“You are not a Mandalorian,” Bo-Katan tells Boba Fett in the second-season finale of The Mandalorian. “Never said I was,” Fett responds. Yet from the moment The Book of Boba Fett was announced in that episode’s post-credits scene, uncertainty surrounded the relationship between the existing Star Wars series starring Pedro Pascal’s Mandalorian and the upstart series featuring Temuera Morrison’s Fett. Would Fett’s series be a spinoff? Or, with Grogu delivered to Luke Skywalker and Moff Gideon vanquished, would Fett permanently pick up the Mando mantle from Din Djarin?
A few days after the finale, Jon Favreau tried to clarify. “This is actually separate from The Mandalorian Season 3,” the Mandalorian and Book of Boba Fett creator and EP explained. Yet The Book of Boba’s ties to The Mandalorian were still stronger than beskar. Lucasfilm president Kathleen Kennedy had previously said that “the next chapter” of an interconnected story set within The Mandalorian’s timeline would appear in December 2021, when Book of Boba was set to debut. Book of Boba’s creative team—from Favreau and fellow two-way EP Dave Filoni to Mandalorian director and Book of Boba director/co-showrunner/EP Robert Rodriguez and composer Ludwig Göransson—was largely the same as the flagship show’s. The lines between the two productions were so blurry that Ming-Na Wen, who reprises her Mandalorian role as assassin Fennec Shand in Book of Boba, went weeks without realizing that she was shooting a different show. “They call it The Mandalorian 2.5,” she said, noting that the numbering for Book of Boba scripts began with “301.”
Before The Mandalorian premiered, Din Djarin had been mistaken for Fett by fans who were fooled by Din sporting the latter’s trademark T-shaped helmet visor. But after anchoring two successful seasons that launched and solidified Disney’s streaming service and established a small-screen, live-action beachhead for Star Wars, Din loomed larger in the frame, both figuratively and literally. As Bill Burr’s Migs Mayfeld says when he sees Boba in The Mandalorian’s Chapter 15, “You know, for a second, I thought you were this other guy.”
Thus, some of the questions dogging Book of Boba in the lead-up to Wednesday’s premiere were related to the movies or series that spawned or preceded it. Would Han Solo have another run-in with the former bounty hunter who once captured him and transported him in a carbonite slab? Could Boba becoming a crime lord in the post-credits scene portend a crossover by Qi’ra, Cad Bane, Bossk, Xizor, or some other underworld figure from Solo, The Clone Wars, or elsewhere? Would Boba’s sister Omega, whom Fennec was hired to capture (and protect) in The Bad Batch, play some part in this story set almost 30 years later? Would Mandalorian characters aside from Fett and Shand appear in Book of Boba? Would the spinoff unspool any of The Mandalorian’s lingering plot threads, like Luke training Grogu, Din seeing Grogu again, Bo-Katan reconquering Mandalore, Ahsoka and Sabine searching for Ezra Bridger and Grand Admiral Thrawn, or the future First Order helping Palpatine return? Would this seven-episode season help set up the “climactic story event” that Kennedy had teased? What kind of climax is conceivable at this point in the Star Wars timeline, hemmed in as it is between two trilogies?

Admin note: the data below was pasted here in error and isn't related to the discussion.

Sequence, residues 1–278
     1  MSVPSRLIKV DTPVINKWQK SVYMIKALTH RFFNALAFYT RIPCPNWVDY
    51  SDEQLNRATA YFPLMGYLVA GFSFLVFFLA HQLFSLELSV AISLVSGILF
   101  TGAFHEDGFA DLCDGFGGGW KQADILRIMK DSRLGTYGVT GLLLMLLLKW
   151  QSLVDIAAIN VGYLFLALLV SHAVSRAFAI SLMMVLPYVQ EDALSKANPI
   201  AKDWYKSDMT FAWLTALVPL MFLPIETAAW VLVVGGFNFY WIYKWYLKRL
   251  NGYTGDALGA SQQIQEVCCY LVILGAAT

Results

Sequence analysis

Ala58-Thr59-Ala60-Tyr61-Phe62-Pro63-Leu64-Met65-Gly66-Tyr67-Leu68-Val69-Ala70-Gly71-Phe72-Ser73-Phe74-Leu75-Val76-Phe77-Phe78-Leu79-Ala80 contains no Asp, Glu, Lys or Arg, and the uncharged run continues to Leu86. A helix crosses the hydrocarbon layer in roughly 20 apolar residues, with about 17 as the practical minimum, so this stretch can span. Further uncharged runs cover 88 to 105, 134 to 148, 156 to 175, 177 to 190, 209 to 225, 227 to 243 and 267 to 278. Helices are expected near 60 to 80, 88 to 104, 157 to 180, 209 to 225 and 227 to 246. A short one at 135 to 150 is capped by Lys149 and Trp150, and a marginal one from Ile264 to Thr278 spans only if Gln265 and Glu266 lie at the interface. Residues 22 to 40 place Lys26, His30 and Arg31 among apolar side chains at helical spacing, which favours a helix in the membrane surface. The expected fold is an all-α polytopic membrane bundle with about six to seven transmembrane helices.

But the biggest unknowns concerned Fett himself. Some were basic biographical loose ends: How did Fett escape the sarlacc pit he’d plunged into in Return of the Jedi? What was he doing during the five years between somehow surviving the sarlacc and reclaiming his armor from Mando (via Timothy Olyphant’s Cobb Vanth)? Has the ship formerly known as Slave I officially been rechristened the Firespray? And how and why did Fett save Shand from her near-death experience in The Mandalorian’s first season?
Other mysteries were more existential. Foremost among them: Could Boba be a leading man? Introduced in 1978’s Star Wars Holiday Special in advance of his planned big-screen debut in 1980’s The Empire Strikes Back, Fett had all of four lines and six and a half minutes of screen time in the original trilogy. His beaten-up, go-go-gadget armor, menacing movements and line deliveries, and quiet competence as he did Darth Vader’s bidding made him an instant icon whose history and face were secrets. After decades of sporadic appearances in since-decanonized comics and books, Star Wars: Episode II—Attack of the Clones and The Clone Wars animated series fleshed out Boba’s backstory, but those screen roles and subsequent canonical comics still left him largely in the background. Boba has been a cool-looking, seen-but-hardly-heard adversary, and a part-time ally for Mando, but The Book of Boba Fett would determine whether he could carry his own story in addition to being a bad guy or sidekick in someone else’s. Is Fett more fascinating as a cipher than as an open book? Is it more entertaining to see him do disintegrations or to imagine why Vader might have warned him not to? And does Star Wars need another protagonist known for his helmet and armor, albeit one who’s more likely to take them off?
“Stranger in a Strange Land,” which was written by Favreau and directed by Rodriguez (who also helmed Fett’s first major Mandalorian episode), is a satisfactory, if surprisingly low-key, start to the series that leaves most of those major questions wide open. As with the famously hush-hush Mandalorian, Disney didn’t send screeners to critics. Normally, that kind of communications disruption prior to a premiere or finale can mean only one thing: dissuasion from spoiling major plot points, such as the debut of “Baby Yoda,” the reappearance of Fett, or a deus ex Skywalker. But unless you count Max Rebo returning to cover “Mad About Me”—possibly as part of a supergroup with Figrin D’an or a former member of the Modal Nodes—there’s no shocking plot twist or major character cameo in The Book of Boba Fett’s first chapter. It’s a somewhat workmanlike launch that gives us glimpses of a defeated Fett and a triumphant Fett, filling in a few gaps in his antihero’s journey along the way.